Robot Ranchers Could Maintain Future Wind Farms

Sara
We all know that the need of the hour is alternative energy so that future generations can still breathe fresh air and have enough energy for their industrial purposes and domestic use. Many states and countries are promoting wind energy as a clean and green energy. We all know the advantages and disadvantages of alternative energy. No doubt harvesting wind for energy purposes is a good move but maintenance of wind farms has its share of headaches. Wind turbine generators already mark the horizon for miles in every direction in many parts of the world. But maintenance of the windmills has been a strenuous task for human technicians. Rotor blade damage is a routine but irritating problem that demands many hours of maintenance.

Now scientists at the Fraunhofer Institute for Factory Operation and Automation (IFF) in Germany have said they are developing a generation of robots which will be capable enough to monitor and maintain wind turbine generators on a round-the-clock basis.

Continue reading »

Wind Power Forecasting in the US

As the prevalance of wind power increases, so does the importance of being able to answer the question, "Is the wind going to blow?" As this article on wind power forecasting points out: An unexpected lack of wind in the US can cause blackouts. This is one problem that many regions in the United States of America may face on the short and medium term as a consequence of the country's growing dependence on renewable energies, particularly wind power. With that in mind, a project is underway to make wind power forecasting more accurate. With this project, it will be possible to achieve more precise wind power forecasting in a timeline that can go up to three days. Errors in wind power predictions "can have more severe consequences in the USA than in any European country" due to the country's temperate and subtropical climate and local geography... It is expected that a less uncertain wind forecasting in a given location will have a considerable impact on the North-American electricity industry, thus allowing a reduction of wind power prices in the United States.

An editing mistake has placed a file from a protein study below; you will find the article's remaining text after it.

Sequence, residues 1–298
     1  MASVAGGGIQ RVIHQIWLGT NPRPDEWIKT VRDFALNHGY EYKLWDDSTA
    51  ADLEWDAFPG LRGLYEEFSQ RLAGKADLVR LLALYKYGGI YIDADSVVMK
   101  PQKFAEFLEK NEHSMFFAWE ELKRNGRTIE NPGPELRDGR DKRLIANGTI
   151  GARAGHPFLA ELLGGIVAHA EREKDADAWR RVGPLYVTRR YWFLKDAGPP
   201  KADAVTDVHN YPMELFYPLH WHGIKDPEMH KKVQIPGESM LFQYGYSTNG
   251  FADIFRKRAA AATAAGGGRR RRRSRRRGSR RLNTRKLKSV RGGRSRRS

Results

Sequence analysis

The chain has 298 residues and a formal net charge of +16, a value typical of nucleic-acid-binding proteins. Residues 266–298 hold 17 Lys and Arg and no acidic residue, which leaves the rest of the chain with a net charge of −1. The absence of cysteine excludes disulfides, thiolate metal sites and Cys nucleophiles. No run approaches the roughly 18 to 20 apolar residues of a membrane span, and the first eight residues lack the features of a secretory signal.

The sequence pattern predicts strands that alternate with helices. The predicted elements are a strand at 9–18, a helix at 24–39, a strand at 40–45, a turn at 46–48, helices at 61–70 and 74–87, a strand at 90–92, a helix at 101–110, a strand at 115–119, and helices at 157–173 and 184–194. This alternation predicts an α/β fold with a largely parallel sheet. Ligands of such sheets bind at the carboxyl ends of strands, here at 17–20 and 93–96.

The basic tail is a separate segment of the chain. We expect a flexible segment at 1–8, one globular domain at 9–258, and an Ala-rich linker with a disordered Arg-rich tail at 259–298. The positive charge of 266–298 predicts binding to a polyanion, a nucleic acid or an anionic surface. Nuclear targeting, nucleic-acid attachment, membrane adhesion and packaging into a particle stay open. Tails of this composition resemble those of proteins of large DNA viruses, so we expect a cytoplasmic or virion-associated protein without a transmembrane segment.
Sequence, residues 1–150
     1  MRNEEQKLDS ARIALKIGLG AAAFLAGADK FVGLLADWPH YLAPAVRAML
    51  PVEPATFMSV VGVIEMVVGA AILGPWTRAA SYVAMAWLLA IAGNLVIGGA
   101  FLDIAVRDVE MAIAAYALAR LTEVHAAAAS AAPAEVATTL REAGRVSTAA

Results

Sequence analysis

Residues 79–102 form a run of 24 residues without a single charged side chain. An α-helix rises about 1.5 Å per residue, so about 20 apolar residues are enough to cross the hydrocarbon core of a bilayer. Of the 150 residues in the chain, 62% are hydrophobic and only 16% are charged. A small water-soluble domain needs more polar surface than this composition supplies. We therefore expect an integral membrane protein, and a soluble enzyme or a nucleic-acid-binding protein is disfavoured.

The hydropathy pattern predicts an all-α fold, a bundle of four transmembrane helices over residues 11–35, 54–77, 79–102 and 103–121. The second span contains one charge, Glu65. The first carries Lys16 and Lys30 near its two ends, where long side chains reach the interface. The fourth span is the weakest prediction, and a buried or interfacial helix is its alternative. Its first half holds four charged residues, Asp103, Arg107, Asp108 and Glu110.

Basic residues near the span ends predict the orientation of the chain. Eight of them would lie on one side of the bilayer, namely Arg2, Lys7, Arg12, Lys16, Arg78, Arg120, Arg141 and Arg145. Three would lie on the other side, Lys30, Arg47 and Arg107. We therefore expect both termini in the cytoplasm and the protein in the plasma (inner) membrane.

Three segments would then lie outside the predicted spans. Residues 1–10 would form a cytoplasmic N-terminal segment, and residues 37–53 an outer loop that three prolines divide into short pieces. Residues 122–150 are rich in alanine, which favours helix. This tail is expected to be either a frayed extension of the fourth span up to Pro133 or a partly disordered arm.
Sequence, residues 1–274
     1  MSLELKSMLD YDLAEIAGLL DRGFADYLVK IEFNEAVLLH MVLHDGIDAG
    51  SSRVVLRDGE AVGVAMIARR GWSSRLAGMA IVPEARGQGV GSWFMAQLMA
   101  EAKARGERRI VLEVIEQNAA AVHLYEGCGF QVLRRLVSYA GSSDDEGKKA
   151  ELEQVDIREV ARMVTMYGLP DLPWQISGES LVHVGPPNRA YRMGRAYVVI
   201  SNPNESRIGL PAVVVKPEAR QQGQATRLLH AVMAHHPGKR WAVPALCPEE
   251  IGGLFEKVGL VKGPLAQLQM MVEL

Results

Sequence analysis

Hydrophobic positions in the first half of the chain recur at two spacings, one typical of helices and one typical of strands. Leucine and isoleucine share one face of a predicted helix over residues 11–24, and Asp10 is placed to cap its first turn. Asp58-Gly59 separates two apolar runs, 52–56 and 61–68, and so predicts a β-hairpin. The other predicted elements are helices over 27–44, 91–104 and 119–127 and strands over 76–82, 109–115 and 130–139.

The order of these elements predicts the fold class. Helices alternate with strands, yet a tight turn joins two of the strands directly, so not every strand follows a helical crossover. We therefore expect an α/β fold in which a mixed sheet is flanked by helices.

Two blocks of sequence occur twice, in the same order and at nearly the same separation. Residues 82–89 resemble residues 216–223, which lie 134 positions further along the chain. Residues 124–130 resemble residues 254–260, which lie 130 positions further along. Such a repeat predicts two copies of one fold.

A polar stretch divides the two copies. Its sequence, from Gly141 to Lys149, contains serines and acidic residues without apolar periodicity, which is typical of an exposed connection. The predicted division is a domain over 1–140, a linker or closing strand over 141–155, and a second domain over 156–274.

Continue reading »

The Latest on the Cape Wind Nantucket Sound project

It’s been in the works for seven plus years, but in one of the Bush Administration’s last official acts, the Cape Wind offshore wind turbine project was given the go-ahead.     The project, consisting of 130 wind turbines, could generate up to 75% of the region’s electricity needs.    But there’s been furious behind the scenes political opposition, even from the likes of Sen Ted Kennedy, who spent much of the last 8 years criticizing President Bush’s enviornmental policies.    The locals were upset that the turbines would create “visual pollution” which might reduce their summer vacations just a smidgen. So last week the Interior Department issued its long-awaited regulatory study on Cape Wind, finding neglibible environmental impact, with a “moderate” scenary impact.     If the new Administration signs off, construction could finally begin next year.
Continue reading »

Wind Power Capacity Growth Strong in 2006

Wind power grew by leaps and bounds last year, according to the Worldwatch Institute: The 15,200 megawatts of new wind turbines installed worldwide last year will generate enough clean electricity annually to offset the carbon dioxide emissions of 23 average-sized U.S. coal-fired power plants, according to a new Vital Signs Update from the Worldwatch Institute. The 43 million tons of carbon dioxide displaced in 2006 is equivalent to the emissions of 7,200 megawatts of coal-fired power plants, or nearly 8 million passenger cars. Global wind power capacity increased almost 26 percent in 2006, exceeding 74,200 megawatts by year’s end. Global investment in wind power was roughly $22 billion in 2006, and in Europe and North America, the power industry added more capacity in wind than it did in coal and nuclear combined. The global market for wind equipment has risen 74 percent in the past two years, leading to long backorders for wind turbine equipment in much of the world.
Continue reading »